WASHINGTON — Boats, logistical expertise, specialized equipment and Red Cross volunteers are among the local resources in Texas assisting flood victims.
Montgomery County plus Fairfax County have sent their specialized urban search and rescue teams to help. The teams left Sunday night and were expected to arrive Monday afternoon.
“We deployed a 14-member detachment from our Urban Search and Rescue Team, which is known as Virginia Task Force 1, to the Houston area,” said Charles Ryan, assistant fire chief with the Fairfax County Fire & Rescue Department.
The Fairfax County team will assist with water rescues using seven boats. Maryland Task Force 1 team members from Montgomery County are in Texas serving in three capacities.
Dozens of team members are deployed along with six boats for water rescues. They will also provide incident management and help with logistics of Federal Emergency Management Agency resources. They will also assist with any hazardous materials.
Montgomery County is one of eight such teams nationwide that has specialized equipment for hazardous materials.
“In a flooding situation, there’s a lot of contamination,” said Pete Piringer, spokesman for Montgomery County Fire & Rescue.
“The hazmat team will assist urban search and rescue teams with the hazardous things that they come across,” Piringer said.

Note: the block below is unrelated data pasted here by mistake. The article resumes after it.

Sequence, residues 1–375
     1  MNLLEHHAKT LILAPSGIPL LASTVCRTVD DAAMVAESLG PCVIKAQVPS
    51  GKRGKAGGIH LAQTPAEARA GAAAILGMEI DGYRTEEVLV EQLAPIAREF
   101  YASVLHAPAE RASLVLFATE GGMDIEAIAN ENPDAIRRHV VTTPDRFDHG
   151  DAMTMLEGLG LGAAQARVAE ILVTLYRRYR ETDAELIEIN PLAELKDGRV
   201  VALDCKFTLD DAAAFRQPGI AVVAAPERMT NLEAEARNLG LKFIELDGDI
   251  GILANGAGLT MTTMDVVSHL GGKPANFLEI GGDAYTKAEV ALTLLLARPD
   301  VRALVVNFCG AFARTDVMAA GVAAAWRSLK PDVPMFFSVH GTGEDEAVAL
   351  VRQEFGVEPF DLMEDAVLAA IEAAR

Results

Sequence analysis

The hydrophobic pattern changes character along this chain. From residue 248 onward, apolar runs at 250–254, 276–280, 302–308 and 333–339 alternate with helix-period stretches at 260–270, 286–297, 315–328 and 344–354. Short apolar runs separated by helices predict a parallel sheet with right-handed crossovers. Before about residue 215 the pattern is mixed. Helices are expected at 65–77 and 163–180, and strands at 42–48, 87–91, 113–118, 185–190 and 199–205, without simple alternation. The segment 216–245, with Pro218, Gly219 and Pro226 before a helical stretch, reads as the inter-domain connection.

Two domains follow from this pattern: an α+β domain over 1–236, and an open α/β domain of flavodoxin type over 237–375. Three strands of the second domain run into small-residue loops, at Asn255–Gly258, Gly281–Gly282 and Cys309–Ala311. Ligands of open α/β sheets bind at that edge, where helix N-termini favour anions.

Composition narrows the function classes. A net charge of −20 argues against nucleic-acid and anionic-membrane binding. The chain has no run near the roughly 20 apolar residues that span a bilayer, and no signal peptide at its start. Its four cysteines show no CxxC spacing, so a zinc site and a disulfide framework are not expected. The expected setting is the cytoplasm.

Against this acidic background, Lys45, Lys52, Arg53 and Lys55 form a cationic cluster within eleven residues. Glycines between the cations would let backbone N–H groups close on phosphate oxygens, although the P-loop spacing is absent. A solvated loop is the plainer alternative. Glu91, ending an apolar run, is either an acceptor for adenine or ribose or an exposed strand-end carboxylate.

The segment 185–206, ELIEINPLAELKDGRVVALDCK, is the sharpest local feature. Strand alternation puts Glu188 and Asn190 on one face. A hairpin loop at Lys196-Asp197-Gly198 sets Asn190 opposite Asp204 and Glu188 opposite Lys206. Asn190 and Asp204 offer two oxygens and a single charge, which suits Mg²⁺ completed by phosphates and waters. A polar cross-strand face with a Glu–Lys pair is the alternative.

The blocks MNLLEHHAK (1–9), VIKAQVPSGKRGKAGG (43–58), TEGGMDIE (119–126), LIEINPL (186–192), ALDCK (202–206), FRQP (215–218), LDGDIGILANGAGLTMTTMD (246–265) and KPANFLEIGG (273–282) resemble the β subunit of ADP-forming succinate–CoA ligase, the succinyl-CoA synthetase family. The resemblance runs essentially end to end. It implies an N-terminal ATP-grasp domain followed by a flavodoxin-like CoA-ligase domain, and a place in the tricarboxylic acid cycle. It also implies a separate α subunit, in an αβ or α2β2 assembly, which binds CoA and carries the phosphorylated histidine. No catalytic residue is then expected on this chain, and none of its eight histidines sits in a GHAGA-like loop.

The American Red Cross National Capital Region has sent about 18 volunteers to either Texas or Louisiana, spokesman Nathan DeVault said.
Fresh Red Cross volunteers will cycle into flood-ravaged areas every two weeks. Fire department teams also are deployed for 14 days.
Flooding and subsequent issues in and around Texas could be a long-term event, but both Virginia and Maryland’s task forces have additional resources and manpower that could be deployed if needed.
While the Task Force teams are away from home, local fire departments will support their families.
“We take great care in making sure that the family members are taken care of when the team is deployed,” Piringer said. “The kids get to school and get to the doctors, get to soccer practice, the grass gets cut — whatever — so the team members don’t have to worry about that.”
WTOP’s Kathy Stewart contributed to this report.